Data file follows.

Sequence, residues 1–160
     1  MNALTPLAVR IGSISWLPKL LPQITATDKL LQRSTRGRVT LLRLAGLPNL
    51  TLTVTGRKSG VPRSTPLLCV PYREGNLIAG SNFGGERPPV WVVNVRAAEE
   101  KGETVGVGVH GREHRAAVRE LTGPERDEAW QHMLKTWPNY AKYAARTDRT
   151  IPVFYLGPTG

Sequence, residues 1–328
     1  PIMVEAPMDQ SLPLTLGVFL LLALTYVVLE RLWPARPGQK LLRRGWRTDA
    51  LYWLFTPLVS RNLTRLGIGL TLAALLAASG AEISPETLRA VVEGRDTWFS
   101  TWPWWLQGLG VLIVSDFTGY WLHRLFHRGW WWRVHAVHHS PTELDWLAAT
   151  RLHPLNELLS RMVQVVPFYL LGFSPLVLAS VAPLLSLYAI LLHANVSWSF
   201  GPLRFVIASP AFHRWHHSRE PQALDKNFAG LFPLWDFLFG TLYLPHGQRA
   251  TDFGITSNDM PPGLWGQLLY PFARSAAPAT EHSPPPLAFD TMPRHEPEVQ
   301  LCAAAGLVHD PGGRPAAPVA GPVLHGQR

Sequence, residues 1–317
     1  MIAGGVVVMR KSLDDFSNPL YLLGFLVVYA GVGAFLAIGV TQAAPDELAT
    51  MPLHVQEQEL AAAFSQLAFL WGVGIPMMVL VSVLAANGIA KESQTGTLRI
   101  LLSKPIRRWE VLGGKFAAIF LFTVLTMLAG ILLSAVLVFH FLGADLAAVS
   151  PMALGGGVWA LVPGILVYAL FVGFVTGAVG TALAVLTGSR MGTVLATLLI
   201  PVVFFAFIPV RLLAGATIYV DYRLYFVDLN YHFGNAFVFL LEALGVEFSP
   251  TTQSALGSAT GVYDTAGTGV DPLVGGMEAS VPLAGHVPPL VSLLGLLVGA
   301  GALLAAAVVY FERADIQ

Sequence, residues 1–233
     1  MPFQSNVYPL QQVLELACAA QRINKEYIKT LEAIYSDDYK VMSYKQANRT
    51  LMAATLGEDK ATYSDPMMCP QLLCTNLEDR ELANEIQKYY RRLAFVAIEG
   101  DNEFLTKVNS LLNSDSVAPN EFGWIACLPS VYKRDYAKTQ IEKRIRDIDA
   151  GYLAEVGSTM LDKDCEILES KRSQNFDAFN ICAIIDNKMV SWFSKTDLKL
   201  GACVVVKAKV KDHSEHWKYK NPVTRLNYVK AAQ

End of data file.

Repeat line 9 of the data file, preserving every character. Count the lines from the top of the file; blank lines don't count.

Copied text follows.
   101  TWPWWLQGLG VLIVSDFTGY WLHRLFHRGW WWRVHAVHHS PTELDWLAAT